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Video Game / Electroplankton

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First released in Japan in 2005 for the Nintendo DS and released the year after worldwide, Electroplankton is a music game created by Toshio Iwai because of his interest in the system and its unique interface. The game has a very simple concept, where the player is able to make music by interacting with ten different species of plankton. Most of the game's material is in Performance Mode where the player is able to interact with the plankton directly. The game also features an Audience Mode in case the player just wants to set the system down to hear some music. The game notably did not include a save feature. This minimized the game's experience by eliminating menus and also made it more of an improvisational experience. In 2009 every mode in the game would get a re-release on DSiWare where each individual mode came out as a separate app. The game would also get representation in Super Smash Bros. where the Hanenbow mode was a playable stage.

Game Modes:

  • Tracy: The player draws lines on the touchscreen and the plankton swim along to follow it.
  • Hanenbow: Plankton bounce off leaves which the player can drag around with the touch screen. This mode would become a stage in Super Smash Bros. Brawl and Super Smash Bros. Ultimate.
  • Luminaria: Four plankton follow arrows around a continuous path and the player can touch the arrows to change their direction.
  • Sun-Animalcule: The player places plankton eggs and they emit sound as they hatch and grow.
  • Rec-Rec: Four fish swim along and the player can record sounds with the microphone for them to play back.
  • Nanocarp: The player can clap and speak to the plankton to make them change shape and respond with sound.
  • Lumiloop: Four ring-shaped plankton that emit a continuous sound when the player rotates them.
  • Marine-Snow: Even rows of snowflake-shaped plankton that make sounds when touched and stirred up.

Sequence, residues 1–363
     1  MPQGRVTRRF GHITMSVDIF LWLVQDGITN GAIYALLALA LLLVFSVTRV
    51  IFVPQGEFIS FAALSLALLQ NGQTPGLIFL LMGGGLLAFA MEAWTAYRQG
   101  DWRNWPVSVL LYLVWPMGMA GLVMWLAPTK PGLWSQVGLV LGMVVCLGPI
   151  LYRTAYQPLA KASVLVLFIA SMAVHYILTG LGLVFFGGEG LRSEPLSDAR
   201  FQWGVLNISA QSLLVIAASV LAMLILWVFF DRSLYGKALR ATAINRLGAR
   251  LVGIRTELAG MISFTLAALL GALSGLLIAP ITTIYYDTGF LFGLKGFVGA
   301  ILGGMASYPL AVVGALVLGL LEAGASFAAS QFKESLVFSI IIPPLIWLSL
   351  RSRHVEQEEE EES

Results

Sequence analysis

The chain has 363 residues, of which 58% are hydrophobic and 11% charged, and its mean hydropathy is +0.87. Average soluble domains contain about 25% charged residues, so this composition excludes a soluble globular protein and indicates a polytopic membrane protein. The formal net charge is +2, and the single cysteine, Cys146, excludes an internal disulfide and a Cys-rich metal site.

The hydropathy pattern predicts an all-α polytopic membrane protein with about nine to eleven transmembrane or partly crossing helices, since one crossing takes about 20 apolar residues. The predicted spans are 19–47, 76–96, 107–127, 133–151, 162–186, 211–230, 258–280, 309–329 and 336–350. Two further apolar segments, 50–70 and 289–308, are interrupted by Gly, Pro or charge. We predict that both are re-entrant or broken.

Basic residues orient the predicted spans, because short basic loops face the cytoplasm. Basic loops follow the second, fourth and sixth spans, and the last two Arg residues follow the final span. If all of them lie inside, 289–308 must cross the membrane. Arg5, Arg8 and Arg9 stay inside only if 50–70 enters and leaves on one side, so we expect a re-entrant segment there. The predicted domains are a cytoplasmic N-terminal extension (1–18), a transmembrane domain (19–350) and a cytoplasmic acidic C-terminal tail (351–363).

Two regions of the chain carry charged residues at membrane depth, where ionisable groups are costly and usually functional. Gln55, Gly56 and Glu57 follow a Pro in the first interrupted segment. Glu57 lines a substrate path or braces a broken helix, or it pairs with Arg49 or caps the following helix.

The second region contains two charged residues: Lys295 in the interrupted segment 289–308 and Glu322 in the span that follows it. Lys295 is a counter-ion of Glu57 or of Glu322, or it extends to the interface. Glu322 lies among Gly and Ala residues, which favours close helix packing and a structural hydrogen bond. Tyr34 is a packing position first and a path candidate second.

• Beatnes: Long lines of plankton that play old-school songs and remember the sound effects you select.
  • Volvoice: Allows the player to record their voice with the microphone and then distort it.


  • Automatic Level: In Audience Mode the game runs through all of the different gameplay modes and the plankton make their own music, with each song lasting a few minutes.
  • Broken Record: Several species of plankton will repeat sounds over and over, most notably the Beatnes with their samples of various NES sound effects.
  • Casual Video Game: No story, no objective, no goal. The game is just a compilation of simple to use music makers.
  • Everything Is an Instrument: The Electroplankton themselves can produce a wide variety of sound effects and can be handily used to compose music despite resembling no earthly instrument.
  • Musical Gameplay: The entire point of Electroplankton is to make music with the various species of plankton, though the specifics of it vary from one species to the next.
  • No Plot? No Problem!: The game has absolutely no proper story or goal, instead being a tech demo where the player makes music by manipulating plankton in different ways.
  • Nostalgia Level: The Beatnes plankton uses retro sounds and music from the Nintendo Entertainment System and several games on it like Super Mario Bros. and Ice Climber.
  • Ridiculously Cute Critter: Never have planctonic creatures looked so adorable. Look at their smiling faces!
  • Steel Drums and Sunshine: The Sun-Animalcule plankton resemble cartoon suns and prominently make the tones of steel drums.
  • Tech-Demo Game: Toshio Iwai created this game specifically because he had an interest in developing for the Nintendo DS and its unique interface.